Waller says that Söderberg’s investment will not only only facilitate investment into new technology it will also provide a financial war chest to help Generation itself expand. While much of the growth to date has been organic, Waller does not rule out future acquisitions to take the business to the next level.
Waller says that the company has seen growth recently in the private private medical insurance market. “Possibly one of our first acquisitions will be a private medical brokerage.”
While this investment will enable Generation Employee Benefits to grow and expand, he says it is important the business does not lose sight of its key attributes. “Given ongoing personal indemnity costs, FCA charges and the need to invest in technology businesses need to be a certain size to operate competitively in this market.
“But I don’t think that significant merger and acquisition activity, particularly when it comes to the larger advisory firms, has necessarily been a good thing, and has reduced to some extent competition in
However he does say that consolidation of some larger employee benefit firms has given smaller consultancies, like Generation Financial Services a competitive edge in this market. It can take time for businesses to integrate as part of a merger and in the interim service standards can be affected, with some firms failing to deliver the same hands-on service to some smaller or mid-sized clients as they become part of larger group.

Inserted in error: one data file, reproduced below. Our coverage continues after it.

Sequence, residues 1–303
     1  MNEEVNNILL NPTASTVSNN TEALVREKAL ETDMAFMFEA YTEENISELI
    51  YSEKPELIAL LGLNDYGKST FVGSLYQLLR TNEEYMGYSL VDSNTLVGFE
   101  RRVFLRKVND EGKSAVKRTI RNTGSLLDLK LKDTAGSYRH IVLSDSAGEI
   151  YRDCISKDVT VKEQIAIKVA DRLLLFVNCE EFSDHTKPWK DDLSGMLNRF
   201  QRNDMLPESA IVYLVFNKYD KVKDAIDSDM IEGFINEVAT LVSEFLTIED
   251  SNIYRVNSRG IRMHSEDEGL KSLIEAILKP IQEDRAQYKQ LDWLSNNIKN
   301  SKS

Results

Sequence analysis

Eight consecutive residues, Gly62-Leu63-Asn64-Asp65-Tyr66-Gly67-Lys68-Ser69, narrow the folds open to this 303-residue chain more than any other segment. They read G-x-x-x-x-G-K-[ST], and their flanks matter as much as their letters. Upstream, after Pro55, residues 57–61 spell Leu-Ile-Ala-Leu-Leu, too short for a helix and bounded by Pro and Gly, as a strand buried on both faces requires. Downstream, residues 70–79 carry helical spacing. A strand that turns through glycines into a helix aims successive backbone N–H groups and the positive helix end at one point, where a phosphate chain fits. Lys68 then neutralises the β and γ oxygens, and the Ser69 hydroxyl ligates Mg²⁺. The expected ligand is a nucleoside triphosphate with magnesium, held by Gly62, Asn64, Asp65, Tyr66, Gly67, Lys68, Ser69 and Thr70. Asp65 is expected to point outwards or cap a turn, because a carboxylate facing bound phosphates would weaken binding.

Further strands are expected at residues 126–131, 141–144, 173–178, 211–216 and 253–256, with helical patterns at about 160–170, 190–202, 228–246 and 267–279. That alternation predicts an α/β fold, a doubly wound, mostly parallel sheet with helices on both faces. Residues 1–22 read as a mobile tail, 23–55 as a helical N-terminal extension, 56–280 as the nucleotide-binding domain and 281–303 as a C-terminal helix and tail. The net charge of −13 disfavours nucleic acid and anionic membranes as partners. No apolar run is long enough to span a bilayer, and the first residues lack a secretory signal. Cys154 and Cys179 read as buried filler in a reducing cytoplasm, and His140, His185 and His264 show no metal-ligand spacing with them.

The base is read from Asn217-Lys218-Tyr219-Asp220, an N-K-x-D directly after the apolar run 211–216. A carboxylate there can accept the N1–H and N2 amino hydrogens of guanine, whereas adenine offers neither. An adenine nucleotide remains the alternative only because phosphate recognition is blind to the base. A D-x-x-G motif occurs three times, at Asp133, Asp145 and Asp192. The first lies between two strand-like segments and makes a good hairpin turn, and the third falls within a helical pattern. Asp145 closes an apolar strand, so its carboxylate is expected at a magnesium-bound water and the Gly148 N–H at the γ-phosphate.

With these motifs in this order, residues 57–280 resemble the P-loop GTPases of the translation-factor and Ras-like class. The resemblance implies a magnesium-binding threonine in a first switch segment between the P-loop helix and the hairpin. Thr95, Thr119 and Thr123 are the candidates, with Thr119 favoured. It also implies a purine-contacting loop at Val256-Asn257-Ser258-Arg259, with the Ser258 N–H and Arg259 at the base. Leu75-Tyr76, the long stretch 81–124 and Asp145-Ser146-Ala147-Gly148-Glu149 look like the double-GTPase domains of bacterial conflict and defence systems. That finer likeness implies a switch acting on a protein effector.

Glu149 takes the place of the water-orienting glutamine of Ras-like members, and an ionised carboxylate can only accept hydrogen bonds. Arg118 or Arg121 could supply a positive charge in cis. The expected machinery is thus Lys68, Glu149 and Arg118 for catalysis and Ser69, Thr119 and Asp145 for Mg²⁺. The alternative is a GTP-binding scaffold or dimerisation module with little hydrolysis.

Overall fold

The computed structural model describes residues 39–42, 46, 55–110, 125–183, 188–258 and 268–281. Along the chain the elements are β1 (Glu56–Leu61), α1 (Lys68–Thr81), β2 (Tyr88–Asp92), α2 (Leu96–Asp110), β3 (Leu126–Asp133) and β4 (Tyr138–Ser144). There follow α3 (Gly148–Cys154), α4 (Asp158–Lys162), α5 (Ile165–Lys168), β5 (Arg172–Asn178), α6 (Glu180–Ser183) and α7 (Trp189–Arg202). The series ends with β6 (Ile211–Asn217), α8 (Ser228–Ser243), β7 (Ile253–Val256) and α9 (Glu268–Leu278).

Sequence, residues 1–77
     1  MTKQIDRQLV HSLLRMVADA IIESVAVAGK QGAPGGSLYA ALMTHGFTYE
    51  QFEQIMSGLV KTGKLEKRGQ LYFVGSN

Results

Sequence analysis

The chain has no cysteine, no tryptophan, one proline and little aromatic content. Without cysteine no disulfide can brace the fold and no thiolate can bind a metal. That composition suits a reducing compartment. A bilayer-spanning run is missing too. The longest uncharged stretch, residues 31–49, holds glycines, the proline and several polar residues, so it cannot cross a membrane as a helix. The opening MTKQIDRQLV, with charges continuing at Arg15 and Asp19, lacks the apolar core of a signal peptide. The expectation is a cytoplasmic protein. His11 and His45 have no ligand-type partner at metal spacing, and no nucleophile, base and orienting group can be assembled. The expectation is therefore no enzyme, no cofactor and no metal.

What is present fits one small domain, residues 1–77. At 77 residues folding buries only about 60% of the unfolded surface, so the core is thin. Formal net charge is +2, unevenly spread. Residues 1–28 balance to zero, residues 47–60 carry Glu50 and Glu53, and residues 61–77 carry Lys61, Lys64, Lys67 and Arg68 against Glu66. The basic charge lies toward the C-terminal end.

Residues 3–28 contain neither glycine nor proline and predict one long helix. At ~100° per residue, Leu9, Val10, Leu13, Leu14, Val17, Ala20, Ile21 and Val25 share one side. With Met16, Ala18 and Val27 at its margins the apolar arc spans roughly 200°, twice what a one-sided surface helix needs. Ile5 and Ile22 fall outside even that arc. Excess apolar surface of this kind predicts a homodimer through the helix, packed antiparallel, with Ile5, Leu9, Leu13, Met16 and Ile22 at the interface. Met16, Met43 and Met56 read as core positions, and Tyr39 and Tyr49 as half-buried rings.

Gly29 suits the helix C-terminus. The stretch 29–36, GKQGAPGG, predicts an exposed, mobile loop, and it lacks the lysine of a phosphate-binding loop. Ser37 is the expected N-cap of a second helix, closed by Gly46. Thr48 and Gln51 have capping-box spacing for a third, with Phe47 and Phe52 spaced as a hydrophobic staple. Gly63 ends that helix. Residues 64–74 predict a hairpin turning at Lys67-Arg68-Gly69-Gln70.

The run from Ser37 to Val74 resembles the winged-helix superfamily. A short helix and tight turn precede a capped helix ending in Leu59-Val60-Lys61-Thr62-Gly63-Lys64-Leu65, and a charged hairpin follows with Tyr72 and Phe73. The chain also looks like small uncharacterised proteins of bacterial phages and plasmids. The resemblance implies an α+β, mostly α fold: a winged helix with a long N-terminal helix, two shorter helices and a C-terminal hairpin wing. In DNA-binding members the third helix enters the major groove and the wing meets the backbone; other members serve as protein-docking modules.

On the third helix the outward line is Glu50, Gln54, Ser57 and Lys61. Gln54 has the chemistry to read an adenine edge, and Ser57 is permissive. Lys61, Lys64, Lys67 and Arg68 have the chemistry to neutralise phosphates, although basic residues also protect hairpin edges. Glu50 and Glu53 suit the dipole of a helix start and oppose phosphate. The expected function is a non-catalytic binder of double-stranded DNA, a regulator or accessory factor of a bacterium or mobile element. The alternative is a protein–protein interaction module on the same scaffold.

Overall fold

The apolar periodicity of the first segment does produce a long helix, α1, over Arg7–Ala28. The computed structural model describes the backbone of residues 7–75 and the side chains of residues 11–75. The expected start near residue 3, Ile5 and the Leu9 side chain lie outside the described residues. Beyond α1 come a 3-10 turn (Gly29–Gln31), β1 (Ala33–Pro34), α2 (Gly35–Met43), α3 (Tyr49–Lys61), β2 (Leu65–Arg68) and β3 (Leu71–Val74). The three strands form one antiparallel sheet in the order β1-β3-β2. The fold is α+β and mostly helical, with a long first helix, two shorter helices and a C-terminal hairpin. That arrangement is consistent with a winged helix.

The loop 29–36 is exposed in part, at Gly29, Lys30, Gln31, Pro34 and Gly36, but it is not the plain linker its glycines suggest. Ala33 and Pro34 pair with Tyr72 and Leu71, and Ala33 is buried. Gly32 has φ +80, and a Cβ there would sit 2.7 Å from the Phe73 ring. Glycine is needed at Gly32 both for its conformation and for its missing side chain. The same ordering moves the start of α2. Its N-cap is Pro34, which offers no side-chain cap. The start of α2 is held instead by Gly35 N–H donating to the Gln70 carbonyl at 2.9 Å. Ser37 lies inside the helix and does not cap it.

“We have certainly come to the conclusion that we needed to grow to allow us to add functionality, particular when it come to tech. But we very much preferred the partnership model offered by Söderberg than a full scale merger or acquisition.”
He says their approach is much more collaborative than the “adversarial” business practices that are more commonplace in the US and increasingly the UK. He adds: “The solicitor actually said it’s the most non-adversarial contractual purchase he has ever seen. It’s a very positive way to do business and something we are all hugely excited about.”
Why does Waller think that Söderberg selected Generation FS to invest in, ahead of other advisory firms in the UK? Was it the fact they offered both wealth management and employee benefits that made it stand out from other similar businesses?
Waller does not think so. While Söderberg started out an an employee benefits business itself in Sweden, it has predominantly focused on the wealth management sector when it comes to its UK investments — buying a majority stake in the IFA business Timothy Jones & Partners, and a minority stake in Cambridge-based Dartington Wealth Management and North London-based Atherton York (also both IFA firms).